Chris HewittPioneer Press
September 22, 2016
The musical drama “Ragtime” opened on Broadway 18 years ago, but it’s not much of a stretch to call it a show for the Black Lives Matter era.
Based on the novel by E.L. Doctorow, “Ragtime,” which Theater Latte Da opens Saturday night at the Ritz Theater in Minneapolis, connects three stories in the years leading up to World War I: Latvian immigrant Tateh and his daughter try to make their way in America; a wealthy New York family (the youngest has the same first name as Doctorow, Edgar, but the others are known as Father, Mother, Younger Brother, etc.) faces choices that may rip it apart; and an African-American ragtime pianist named Coalhouse Walker embraces anarchy after he is sent over the edge by a series of tragedies.
It’s that last segment that makes “Ragtime” feel timely (or timeless, since you could say the 1831 Nat Turner rebellion was the first Black Lives Matter event, albeit with much different methods). Although “Ragtime” is fictional, protest is real today.
Set at a time of enormous change, “Ragtime” turns many real-world things into the stuff of musical drama, using music — something people of different ethnicities and classes share — as a metaphor for revolution. In fact, one song in the show, called “New Music,” promises that “the world is changing.”
Here are a few of the big changes signaled in “Ragtime”:
Flip book — Called “movie books” by Tateh (the show seems to credit him with inventing them, although they predate the character), they’re a forerunner of animated movies. When you quickly flip the pages of the book, silhouetted drawings on their edges appear to spring to life.
Rag — Doctorow’s book connects the characters to different meanings of the term. Tateh and his daughter come to America on a “rag ship,” an oceanliner bringing European immigrants to America (many of them to work in the rag trade, or clothing industry). Coalhouse plays rags on the piano. And Father’s business turns rags of fabric into American flags.
Ragtime — A form of music that began to appear in the late 1800s. Scott Joplin, whom “Ragtime” indicates was a friend of the fictional Coalhouse, is its most famous composer and “Maple Leaf Rag” is probably his most famous song. Or it was, until Marvin Hamlisch used Joplin’s music in “The Sting” and made “The Entertainer” a hit. (A side note: “The Sting” is set in the mid-1930s, when Joplin’s music had dipped in popularity.)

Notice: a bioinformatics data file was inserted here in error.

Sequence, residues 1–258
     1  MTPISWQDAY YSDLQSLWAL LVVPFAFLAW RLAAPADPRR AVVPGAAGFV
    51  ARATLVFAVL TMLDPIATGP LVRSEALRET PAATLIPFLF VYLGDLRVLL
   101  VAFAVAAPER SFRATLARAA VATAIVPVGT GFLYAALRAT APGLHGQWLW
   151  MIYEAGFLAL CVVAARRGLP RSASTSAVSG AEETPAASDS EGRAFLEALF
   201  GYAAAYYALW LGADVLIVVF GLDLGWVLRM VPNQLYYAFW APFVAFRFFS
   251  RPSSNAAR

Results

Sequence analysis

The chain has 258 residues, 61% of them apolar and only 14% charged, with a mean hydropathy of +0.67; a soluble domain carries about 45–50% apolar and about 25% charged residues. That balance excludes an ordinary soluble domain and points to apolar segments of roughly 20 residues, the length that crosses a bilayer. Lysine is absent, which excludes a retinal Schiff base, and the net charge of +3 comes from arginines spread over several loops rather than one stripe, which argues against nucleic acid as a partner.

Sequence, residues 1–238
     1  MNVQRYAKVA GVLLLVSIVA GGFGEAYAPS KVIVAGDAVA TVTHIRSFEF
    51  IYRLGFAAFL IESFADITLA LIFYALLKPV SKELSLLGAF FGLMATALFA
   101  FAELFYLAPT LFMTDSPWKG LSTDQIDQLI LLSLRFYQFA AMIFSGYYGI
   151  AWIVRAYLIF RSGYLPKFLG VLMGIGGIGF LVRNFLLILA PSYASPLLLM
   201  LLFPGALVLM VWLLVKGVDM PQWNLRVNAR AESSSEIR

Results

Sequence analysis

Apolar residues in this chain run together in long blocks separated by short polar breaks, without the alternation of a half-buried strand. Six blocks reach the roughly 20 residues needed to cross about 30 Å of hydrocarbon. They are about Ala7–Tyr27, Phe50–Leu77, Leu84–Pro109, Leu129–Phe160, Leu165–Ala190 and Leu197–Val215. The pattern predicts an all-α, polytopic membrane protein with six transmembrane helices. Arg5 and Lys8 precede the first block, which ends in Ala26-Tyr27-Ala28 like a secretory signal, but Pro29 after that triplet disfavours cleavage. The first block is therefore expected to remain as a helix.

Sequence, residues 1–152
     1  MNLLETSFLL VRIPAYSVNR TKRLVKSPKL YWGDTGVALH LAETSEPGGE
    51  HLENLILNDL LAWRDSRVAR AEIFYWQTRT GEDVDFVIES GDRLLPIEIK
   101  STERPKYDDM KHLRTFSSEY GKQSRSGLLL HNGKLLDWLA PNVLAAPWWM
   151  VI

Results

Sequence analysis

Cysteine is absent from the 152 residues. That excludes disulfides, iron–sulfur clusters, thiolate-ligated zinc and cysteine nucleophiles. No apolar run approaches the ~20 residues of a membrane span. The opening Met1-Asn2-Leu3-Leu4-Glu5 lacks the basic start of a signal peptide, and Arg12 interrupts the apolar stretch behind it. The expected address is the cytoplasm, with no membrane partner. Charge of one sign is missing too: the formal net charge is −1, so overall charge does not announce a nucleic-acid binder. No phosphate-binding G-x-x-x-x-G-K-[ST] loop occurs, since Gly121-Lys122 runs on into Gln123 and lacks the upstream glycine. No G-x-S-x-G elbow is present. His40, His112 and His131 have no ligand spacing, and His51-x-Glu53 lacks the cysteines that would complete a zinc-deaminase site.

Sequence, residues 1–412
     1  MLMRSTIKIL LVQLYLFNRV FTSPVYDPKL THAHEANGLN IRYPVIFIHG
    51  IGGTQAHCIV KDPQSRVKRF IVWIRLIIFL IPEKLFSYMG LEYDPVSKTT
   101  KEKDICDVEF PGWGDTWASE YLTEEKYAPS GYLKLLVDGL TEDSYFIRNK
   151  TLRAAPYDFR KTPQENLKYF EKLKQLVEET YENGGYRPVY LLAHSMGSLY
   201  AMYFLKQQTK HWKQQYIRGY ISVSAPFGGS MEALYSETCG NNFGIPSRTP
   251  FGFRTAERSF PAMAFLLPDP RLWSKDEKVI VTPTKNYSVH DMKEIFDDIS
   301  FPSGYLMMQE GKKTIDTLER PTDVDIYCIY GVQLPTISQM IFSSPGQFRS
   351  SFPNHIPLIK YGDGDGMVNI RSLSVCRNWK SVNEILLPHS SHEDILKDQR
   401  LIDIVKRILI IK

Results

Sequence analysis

Ragtime — Doctorow’s National Book Award-winning novel, inspired by his ancestors and turn-of-the-century history, was considered groundbreaking for incorporating real people such as Harry Houdini, Booker T. Washington and Emma Goldman into its fictional universe. The book is substantially altered for the musical. Father, for instance, is a smaller character in the show than in the book, and Coalhouse, who doesn’t appear until the book is half over, is a much larger character.
Suburbs — New Rochelle, where much of “Ragtime” is set, was one of the first American suburbs, its growth made possible by commuter railroads and wide ownership of automobiles. One particular auto, Coalhouse Walker’s Model T, leads directly to the action of the musical and the Model T’s producer, Henry Ford, is a character in it.
World War I — No spoilers on the ending of “Ragtime,” but it encompasses both the assassination of Austrian Archduke Franz Ferdinand, which helped touch off WWI, and the sinking of the Lusitania, which convinced the United States to enter the war that changed the face of the world.
IF YOU GO
When: Through Oct. 23
Where: Ritz Theater, 345 14th Ave. N.E., Mpls.
Tickets: $48-$35, 612-339-3003 or theaterlatteda.com